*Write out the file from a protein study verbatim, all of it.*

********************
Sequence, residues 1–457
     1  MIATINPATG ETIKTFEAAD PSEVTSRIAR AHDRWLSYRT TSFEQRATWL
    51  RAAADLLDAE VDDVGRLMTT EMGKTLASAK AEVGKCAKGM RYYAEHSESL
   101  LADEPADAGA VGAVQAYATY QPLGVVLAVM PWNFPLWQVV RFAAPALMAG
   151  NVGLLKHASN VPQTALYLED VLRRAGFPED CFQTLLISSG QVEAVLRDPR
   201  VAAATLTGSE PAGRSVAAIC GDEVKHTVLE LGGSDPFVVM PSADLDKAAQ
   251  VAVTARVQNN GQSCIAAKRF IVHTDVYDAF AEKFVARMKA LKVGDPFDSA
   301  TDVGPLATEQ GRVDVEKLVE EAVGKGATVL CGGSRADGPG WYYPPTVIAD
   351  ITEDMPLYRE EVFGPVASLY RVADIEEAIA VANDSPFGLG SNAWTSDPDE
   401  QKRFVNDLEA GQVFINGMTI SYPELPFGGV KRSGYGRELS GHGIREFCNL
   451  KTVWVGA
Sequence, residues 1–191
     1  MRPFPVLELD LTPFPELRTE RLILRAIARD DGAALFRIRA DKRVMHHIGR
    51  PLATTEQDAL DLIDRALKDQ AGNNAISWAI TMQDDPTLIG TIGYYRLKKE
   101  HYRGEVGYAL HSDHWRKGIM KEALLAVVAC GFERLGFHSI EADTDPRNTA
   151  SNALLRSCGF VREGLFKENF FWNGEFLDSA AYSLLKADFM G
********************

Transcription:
Sequence, residues 1–457
     1  MIATINPATG ETIKTFEAAD PSEVTSRIAR AHDRWLSYRT TSFEQRATWL
    51  RAAADLLDAE VDDVGRLMTT EMGKTLASAK AEVGKCAKGM RYYAEHSESL
   101  LADEPADAGA VGAVQAYATY QPLGVVLAVM PWNFPLWQVV RFAAPALMAG
   151  NVGLLKHASN VPQTALYLED VLRRAGFPED CFQTLLISSG QVEAVLRDPR
   201  VAAATLTGSE PAGRSVAAIC GDEVKHTVLE LGGSDPFVVM PSADLDKAAQ
   251  VAVTARVQNN GQSCIAAKRF IVHTDVYDAF AEKFVARMKA LKVGDPFDSA
   301  TDVGPLATEQ GRVDVEKLVE EAVGKGATVL CGGSRADGPG WYYPPTVIAD
   351  ITEDMPLYRE EVFGPVASLY RVADIEEAIA VANDSPFGLG SNAWTSDPDE
   401  QKRFVNDLEA GQVFINGMTI SYPELPFGGV KRSGYGRELS GHGIREFCNL
   451  KTVWVGA
Sequence, residues 1–191
     1  MRPFPVLELD LTPFPELRTE RLILRAIARD DGAALFRIRA DKRVMHHIGR
    51  PLATTEQDAL DLIDRALKDQ AGNNAISWAI TMQDDPTLIG TIGYYRLKKE
   101  HYRGEVGYAL HSDHWRKGIM KEALLAVVAC GFERLGFHSI EADTDPRNTA
   151  SNALLRSCGF VREGLFKENF FWNGEFLDSA AYSLLKADFM G